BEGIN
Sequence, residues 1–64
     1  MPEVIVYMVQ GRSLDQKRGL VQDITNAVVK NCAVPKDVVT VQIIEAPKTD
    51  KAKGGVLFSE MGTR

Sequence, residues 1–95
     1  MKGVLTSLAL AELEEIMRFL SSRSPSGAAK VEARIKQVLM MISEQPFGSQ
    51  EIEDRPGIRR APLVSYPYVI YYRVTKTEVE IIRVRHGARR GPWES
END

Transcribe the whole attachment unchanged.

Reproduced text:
Sequence, residues 1–64
     1  MPEVIVYMVQ GRSLDQKRGL VQDITNAVVK NCAVPKDVVT VQIIEAPKTD
    51  KAKGGVLFSE MGTR

Sequence, residues 1–95
     1  MKGVLTSLAL AELEEIMRFL SSRSPSGAAK VEARIKQVLM MISEQPFGSQ
    51  EIEDRPGIRR APLVSYPYVI YYRVTKTEVE IIRVRHGARR GPWES